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Further Papers relative to the Native Insurrection [Correspondence relating to the fall of Rangiriri and Ngāruawāhia]



Ongarahu pa, November 23, 1863.

O Father, O Governor Grey,—

Salutation! This is to tell you Waikato has fallen. This survivors have been brought to the Ruato—177 in number—and the Chiefs Takerei Te Rau, Wi Kumete, Waikato Te Tawhana, Te Tapihana Tiriwa, Tioriori, Kihi Taiporutu, Pairoroku Tuhikitia, Reihana Tepoki, and many other Chiefs.

The guns have been given up to the General

Word has come from the Chiefs who escaped that Mr. Gundry, the interpreter, and I should go and arrange the terms of peace. They have consented to the words of the prisoners that peace be made,—to do away with the king and give up the land.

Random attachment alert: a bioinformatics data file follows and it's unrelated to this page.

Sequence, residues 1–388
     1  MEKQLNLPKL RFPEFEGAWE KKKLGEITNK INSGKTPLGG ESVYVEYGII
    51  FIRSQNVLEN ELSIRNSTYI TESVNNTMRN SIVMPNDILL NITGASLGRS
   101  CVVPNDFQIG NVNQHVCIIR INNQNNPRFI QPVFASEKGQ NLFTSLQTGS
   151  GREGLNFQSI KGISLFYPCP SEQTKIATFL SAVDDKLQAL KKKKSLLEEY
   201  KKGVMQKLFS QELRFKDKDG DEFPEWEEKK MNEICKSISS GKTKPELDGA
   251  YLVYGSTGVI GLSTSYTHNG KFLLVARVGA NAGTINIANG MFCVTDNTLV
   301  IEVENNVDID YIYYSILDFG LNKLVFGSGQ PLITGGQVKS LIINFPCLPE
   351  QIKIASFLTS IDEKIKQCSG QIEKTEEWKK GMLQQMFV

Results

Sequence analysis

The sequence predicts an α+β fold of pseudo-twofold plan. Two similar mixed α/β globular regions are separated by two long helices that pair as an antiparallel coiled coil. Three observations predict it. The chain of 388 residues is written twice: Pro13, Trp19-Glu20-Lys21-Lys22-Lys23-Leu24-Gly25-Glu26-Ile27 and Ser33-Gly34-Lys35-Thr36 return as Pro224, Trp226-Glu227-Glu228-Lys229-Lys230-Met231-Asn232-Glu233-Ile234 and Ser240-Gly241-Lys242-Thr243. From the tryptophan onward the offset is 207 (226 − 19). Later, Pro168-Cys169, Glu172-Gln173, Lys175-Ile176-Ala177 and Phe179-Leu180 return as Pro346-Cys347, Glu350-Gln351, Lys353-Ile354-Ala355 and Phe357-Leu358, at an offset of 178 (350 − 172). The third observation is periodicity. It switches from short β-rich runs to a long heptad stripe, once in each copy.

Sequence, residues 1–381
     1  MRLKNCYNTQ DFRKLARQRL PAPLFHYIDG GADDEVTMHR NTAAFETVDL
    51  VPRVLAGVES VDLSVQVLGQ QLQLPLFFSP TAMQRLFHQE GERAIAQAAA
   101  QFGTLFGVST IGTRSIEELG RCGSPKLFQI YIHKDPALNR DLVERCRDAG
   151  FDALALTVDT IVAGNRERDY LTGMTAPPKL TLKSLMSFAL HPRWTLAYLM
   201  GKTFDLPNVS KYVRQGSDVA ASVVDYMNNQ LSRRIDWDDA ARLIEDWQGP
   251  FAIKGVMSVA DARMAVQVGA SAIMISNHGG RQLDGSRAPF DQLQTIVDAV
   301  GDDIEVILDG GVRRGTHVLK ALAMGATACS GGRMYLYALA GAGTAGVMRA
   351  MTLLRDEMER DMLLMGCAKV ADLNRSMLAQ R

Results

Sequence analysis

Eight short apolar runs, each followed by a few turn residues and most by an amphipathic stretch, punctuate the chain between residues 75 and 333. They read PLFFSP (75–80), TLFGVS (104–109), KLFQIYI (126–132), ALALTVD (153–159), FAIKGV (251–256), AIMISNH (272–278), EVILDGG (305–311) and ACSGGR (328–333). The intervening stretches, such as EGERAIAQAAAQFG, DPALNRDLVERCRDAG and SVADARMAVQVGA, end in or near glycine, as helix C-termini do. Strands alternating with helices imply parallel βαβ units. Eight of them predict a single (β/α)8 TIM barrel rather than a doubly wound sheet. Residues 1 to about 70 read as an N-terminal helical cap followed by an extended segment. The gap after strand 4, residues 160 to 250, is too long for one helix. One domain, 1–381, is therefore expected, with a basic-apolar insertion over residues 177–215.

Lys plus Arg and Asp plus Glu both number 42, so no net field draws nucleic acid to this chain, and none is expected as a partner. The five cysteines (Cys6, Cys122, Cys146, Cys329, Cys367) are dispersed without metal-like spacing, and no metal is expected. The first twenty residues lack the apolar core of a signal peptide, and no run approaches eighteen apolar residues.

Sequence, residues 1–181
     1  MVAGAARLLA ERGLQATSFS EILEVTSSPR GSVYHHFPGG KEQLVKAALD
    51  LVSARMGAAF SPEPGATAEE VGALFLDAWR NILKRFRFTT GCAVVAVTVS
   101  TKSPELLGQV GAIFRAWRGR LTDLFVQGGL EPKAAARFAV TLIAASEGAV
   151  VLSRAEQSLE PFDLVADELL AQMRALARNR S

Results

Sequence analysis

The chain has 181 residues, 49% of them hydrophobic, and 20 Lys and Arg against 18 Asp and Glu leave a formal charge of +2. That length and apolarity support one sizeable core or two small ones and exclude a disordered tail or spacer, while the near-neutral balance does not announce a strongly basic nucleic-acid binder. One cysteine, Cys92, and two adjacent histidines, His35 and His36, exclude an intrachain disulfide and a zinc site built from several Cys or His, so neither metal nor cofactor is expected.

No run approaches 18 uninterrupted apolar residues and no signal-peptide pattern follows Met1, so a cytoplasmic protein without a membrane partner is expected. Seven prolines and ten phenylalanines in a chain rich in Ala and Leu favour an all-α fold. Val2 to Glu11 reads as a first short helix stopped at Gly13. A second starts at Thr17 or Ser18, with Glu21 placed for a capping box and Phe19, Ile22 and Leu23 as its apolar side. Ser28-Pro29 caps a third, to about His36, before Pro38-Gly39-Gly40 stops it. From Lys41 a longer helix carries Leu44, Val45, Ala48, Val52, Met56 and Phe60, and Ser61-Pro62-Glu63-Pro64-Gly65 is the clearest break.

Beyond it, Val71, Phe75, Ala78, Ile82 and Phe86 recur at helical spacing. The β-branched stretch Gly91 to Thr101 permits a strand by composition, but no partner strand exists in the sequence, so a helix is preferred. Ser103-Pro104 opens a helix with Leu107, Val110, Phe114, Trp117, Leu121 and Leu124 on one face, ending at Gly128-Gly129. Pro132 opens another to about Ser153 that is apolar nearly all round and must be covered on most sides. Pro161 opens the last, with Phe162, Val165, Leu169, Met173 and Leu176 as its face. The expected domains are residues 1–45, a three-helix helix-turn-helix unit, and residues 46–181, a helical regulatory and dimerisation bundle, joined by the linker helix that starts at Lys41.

White flags have been hoisted at their places.

I have said to the General that I and Mr. Gundry that interpreter should go. He did not consent. It is for you to say if you are willing that I and a Government Interpreter should go. But you must give the word.

The General has Tamihana's mere in token of peace. Enough.

From your loving son,

Wi Te Wheoro.

To Governor Grey, Auckland.